What’s in That Prayer? Collect for Saint Joseph of Cupertino

Here is the oration that the Church prays in the Mass and Office of Saint Joseph of Cupertino (September 18):

Deus, qui ad unigénitum Fílium tuum exaltátum a terra ómnia tráhere disposuísti: pérfice propítius; ut, méritis et exémplo seráphici Confessóris tui Ioséphi, supra terrénas omnes cupiditátes eleváti, ad eum perveníre mereámur: Qui tecum vivit et regnat in unitáte Spíritus Sancti, Deus, per ómnia sǽcula sæculórum.

Here is my translation:

O God, who hast ordained to draw all things to Thy Only-begotten Son raised up from the earth: by the merits and example of Thy seraphic Confessor Joseph, mercifully bring it to pass that, being lifted up above all earthly desires, we may be worthy to attain to Him who with Thee liveth and reigneth in the unity of the Holy Ghost, God, world without end.

Here is the translation from the Divinum Officium site:

O God, Who art pleased that thine Only-begotten Son being lifted up from the earth should draw all things unto Him, be entreated for the sake of thy servant Joseph, whom Thou didst make like unto one of the Seraphim, and so effectually work in us, that even as he, we also may be drawn up above all earthly lusts, and worthily attain unto Him: Who with thee liveth and reigneth, in the unity of the Holy Spirit, one God, world without end.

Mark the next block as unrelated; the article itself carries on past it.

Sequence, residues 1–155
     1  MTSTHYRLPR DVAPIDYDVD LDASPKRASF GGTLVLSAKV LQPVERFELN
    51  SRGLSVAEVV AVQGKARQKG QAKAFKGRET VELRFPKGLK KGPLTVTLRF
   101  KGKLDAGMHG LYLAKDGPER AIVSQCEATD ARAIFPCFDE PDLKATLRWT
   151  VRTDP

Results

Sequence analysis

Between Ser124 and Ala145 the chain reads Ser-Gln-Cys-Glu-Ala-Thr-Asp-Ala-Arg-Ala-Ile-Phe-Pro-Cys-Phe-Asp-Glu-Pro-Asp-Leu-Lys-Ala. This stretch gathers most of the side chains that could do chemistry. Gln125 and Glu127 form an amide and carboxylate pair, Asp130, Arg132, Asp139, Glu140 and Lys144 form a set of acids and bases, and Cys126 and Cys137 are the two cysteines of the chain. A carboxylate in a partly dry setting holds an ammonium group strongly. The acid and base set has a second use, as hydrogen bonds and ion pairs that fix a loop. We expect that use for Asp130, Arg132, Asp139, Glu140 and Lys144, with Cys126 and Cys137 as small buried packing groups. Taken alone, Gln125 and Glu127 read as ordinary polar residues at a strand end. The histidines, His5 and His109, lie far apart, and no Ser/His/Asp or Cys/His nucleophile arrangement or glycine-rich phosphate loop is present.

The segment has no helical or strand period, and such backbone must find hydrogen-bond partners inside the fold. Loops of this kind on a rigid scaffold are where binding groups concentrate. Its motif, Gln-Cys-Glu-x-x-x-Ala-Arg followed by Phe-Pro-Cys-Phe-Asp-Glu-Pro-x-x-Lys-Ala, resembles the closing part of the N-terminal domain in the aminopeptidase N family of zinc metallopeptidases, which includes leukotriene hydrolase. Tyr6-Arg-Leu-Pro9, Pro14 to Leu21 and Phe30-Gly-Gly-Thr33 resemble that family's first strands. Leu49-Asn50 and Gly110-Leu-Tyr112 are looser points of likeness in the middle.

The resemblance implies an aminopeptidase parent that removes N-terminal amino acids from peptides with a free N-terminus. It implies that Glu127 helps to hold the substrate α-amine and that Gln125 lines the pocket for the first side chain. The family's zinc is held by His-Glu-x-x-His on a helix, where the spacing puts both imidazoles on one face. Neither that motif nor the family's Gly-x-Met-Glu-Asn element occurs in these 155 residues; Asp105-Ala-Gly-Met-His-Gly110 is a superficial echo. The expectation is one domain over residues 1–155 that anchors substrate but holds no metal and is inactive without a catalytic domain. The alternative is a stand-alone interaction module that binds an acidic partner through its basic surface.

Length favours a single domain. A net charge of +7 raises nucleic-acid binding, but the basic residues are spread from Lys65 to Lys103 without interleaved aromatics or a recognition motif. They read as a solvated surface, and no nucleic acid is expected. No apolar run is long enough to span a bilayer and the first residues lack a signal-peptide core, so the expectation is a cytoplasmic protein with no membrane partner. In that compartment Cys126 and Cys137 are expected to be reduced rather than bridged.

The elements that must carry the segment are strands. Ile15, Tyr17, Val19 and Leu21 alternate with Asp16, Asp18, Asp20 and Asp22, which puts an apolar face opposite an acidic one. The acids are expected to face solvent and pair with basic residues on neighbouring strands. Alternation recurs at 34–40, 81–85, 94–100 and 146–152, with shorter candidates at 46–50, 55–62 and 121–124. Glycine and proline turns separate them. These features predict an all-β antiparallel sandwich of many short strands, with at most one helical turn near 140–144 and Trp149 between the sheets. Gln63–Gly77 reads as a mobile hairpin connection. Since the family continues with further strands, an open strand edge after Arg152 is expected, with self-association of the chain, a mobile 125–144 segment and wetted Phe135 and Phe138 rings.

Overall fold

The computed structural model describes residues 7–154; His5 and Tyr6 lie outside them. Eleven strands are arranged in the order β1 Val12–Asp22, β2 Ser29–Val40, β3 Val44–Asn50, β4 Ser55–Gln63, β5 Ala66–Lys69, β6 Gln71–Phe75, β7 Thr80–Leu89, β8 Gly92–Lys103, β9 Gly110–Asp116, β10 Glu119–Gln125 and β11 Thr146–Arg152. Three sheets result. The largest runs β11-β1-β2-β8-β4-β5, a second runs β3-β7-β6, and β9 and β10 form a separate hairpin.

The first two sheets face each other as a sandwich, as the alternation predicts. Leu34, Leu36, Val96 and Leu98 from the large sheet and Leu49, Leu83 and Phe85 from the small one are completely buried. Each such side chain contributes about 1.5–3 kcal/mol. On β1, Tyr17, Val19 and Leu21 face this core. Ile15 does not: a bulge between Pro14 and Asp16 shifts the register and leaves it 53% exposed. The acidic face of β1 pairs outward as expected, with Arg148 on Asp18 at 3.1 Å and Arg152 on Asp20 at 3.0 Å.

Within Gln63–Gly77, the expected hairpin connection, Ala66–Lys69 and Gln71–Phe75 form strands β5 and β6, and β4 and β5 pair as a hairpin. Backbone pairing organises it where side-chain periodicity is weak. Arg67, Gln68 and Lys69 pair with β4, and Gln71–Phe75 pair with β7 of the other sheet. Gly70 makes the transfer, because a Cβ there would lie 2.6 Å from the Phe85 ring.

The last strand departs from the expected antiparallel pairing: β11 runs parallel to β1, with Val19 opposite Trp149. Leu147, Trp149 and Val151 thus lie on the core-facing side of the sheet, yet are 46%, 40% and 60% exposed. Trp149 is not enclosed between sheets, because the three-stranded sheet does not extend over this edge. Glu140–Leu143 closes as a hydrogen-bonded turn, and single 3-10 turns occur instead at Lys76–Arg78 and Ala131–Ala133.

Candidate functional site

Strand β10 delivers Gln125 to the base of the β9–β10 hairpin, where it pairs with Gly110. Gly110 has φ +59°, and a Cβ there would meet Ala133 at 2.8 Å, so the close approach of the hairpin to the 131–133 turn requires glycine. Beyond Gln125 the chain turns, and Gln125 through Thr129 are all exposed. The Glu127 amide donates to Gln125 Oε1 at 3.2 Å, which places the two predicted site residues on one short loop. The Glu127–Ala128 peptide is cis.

I included the concluding formula in this prayer, something I have not yet done in these postings. The reason is that the oration points to “Him” at the end, and would end with strange abruptness if I did not include the concluding formula which makes it clear that the pronoun refers directly to Our Lord.

September 14 was the Feast of the Exultation of the Holy Cross, followed the next day by Feast of Our Lady of Sorrows, then, two days later, by the Feast of the Stigmata of Saint Francis. All of these feasts pertain directly to the Mystery of the Holy Cross. Now, on the day following the stigmatization of his holy Founder, we meet with a Conventual Franciscan saint who was quite literally “raised above the earth” via his miraculous levitations, which marvels the Church does not blush to refer to in this prayer.

Let us not forget that the language about being lifted up and drawn to Jesus comes directly from Our Lord’s words in Saint John’s Gospel, words that the Evangelist attributes directly to the Crucifixion itself: “And I, if I be lifted up from the earth, will draw all things to myself. (Now this he said, signifying what death he should die)” (John 12:32-33; check the Latin to see how it matches the wording of the prayer). Would it shock you to learn that that passage from John 12 is part of the Gospel reading for the Feast of the Exultation of the Holy Cross?

It is notable that on September 18 in the year 1663, this remarkable wonder-worker died in obscurity, the day after the feast of His Founder’s Stigmata, and the fourth day after the Feast of the Exultation of the Holy Cross. He was so “lifted up above all earthly desires” during his final years that he could neither receive visitors nor write letters, yet his extraordinary favors only increased.

On this humble Friar’s feast, may we all be mindful of the things of Heaven and ardently seek to be so truly (if not literally) lifted above all earthly desires that we finally attain to our crucified, resurrected, and ascended Lord — here in this life, and for a blessed eternity.